• Testing for COVID-19 can only be requested by your GP in consultation with the Department of Public Health so don't turn up at a GP surgery, Emergency Department or Hospital expecting to be tested. Testing is carried out at home during a scheduled visit by a HSE Paramedic.
  • If you are concerned that you or an older person may have COVID-19, call HSELive on 1850 24 1850 for more advice.
  • Communicate your concerns or plans around the care for this older loved one with a trusted family or community member. People are there and willing to help in this time of need.

What additional supports are available?

HSE
For practical and up to date advice on managing your health during COVID-19 crisis in Ireland visit  

Department of Social Protection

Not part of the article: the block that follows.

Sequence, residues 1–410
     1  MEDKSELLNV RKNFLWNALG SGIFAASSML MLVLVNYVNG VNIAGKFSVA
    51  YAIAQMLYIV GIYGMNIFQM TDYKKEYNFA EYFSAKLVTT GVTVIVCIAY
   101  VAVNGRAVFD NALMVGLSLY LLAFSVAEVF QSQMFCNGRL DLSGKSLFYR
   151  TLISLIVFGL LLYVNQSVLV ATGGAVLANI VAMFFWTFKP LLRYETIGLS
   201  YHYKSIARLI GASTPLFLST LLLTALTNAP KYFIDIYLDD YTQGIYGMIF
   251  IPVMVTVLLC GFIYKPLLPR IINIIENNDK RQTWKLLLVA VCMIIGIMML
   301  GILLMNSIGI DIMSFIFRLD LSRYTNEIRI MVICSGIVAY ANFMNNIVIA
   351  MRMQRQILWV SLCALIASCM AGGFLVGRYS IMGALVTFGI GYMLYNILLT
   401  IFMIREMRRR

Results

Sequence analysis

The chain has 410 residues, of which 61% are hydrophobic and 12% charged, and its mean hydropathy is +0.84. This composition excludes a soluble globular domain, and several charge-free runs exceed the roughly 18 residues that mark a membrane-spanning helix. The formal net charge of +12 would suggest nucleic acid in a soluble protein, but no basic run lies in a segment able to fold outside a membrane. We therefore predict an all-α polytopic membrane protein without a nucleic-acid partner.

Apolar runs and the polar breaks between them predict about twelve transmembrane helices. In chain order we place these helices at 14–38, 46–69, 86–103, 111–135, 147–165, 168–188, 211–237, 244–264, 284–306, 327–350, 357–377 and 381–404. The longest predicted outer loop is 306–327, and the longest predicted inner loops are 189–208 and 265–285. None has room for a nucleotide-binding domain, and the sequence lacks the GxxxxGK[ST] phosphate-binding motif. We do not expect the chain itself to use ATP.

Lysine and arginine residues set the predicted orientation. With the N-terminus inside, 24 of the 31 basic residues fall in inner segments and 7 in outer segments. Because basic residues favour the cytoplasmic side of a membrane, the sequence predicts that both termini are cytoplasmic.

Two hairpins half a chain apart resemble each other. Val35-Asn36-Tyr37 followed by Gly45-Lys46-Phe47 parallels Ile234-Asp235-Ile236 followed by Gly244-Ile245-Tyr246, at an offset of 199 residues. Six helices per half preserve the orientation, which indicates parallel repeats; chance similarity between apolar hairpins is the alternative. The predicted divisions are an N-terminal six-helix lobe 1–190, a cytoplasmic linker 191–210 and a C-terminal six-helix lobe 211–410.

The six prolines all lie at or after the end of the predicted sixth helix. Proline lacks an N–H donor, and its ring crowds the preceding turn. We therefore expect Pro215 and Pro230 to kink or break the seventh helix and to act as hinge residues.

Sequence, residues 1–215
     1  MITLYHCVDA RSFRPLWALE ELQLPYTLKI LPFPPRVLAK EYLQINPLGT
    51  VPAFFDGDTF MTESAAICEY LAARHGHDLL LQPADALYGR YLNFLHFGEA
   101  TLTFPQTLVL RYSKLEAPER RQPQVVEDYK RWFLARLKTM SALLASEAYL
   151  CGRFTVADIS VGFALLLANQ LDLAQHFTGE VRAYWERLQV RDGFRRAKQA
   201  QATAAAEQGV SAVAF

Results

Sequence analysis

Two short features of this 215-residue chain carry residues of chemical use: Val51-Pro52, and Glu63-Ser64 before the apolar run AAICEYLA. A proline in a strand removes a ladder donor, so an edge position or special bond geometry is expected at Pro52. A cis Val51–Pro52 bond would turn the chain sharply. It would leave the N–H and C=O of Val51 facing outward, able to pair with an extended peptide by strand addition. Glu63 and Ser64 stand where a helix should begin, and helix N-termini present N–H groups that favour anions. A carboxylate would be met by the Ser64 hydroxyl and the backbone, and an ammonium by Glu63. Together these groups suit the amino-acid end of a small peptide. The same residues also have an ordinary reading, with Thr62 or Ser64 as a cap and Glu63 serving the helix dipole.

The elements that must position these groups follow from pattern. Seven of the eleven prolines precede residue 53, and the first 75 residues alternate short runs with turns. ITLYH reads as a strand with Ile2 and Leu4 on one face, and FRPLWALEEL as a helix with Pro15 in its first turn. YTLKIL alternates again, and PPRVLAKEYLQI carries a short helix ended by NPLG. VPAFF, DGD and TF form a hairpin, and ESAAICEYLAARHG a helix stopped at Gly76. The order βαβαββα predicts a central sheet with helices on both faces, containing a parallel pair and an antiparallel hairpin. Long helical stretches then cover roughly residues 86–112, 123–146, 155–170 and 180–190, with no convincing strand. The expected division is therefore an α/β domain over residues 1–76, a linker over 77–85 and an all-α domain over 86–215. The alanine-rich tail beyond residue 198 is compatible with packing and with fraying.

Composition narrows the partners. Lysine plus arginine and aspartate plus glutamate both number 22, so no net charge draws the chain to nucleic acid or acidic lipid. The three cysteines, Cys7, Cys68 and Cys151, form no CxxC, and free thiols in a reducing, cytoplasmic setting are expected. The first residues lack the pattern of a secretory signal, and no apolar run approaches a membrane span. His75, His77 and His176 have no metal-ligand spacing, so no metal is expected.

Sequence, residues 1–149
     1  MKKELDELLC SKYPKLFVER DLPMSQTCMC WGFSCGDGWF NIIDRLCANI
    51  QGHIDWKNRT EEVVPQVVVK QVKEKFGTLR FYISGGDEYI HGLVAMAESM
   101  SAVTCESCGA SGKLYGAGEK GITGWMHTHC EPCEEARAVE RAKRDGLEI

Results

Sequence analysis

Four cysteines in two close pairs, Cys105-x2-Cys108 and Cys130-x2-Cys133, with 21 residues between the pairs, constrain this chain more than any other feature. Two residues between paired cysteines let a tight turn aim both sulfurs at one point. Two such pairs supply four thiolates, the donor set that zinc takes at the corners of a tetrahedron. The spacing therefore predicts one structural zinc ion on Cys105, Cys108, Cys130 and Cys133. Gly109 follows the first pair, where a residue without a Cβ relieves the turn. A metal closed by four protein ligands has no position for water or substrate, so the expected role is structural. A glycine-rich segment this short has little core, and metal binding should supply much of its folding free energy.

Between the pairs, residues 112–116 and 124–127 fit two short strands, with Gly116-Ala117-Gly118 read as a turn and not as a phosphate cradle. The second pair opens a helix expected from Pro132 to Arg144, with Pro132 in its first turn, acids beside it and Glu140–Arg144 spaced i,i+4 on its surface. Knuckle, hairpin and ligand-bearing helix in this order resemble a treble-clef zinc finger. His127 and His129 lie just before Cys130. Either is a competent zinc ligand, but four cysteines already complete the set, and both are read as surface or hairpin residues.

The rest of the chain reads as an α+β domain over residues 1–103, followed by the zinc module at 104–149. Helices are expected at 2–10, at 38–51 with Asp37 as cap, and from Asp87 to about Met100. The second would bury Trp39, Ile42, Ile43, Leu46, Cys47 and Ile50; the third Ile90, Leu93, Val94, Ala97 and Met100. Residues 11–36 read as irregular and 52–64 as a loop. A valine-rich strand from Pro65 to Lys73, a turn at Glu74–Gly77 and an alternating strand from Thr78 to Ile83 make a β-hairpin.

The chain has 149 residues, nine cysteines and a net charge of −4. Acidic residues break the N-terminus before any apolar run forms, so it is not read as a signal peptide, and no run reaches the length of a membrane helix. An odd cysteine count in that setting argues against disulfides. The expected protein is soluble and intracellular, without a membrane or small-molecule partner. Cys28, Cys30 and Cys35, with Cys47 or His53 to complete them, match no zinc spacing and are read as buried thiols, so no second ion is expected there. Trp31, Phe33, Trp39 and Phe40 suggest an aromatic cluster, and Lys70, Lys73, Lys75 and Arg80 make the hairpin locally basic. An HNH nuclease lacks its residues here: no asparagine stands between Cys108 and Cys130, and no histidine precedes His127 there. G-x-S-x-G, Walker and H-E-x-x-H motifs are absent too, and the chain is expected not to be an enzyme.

For help and support around pensions, benefits and social welfare queries in Ireland

Government of Ireland
Resources on government guidelines for managing during COVID-19 outbreak

WHO
For more detailed information on COVID-19 visit

ALONE
ALONE Ireland
have stepped up and set up a phone-in support line as part of their nationwide collaborative effort to provide advice and links to information for anyone in need of reassurance. You can reach them on 0818 222 024.

Stay safe and stay smart

💛

The Grandpal Team

Some additional resources below

An Astronaut's Guide to Self Isolation

Wash your hands for 20 seconds!

Bringing families together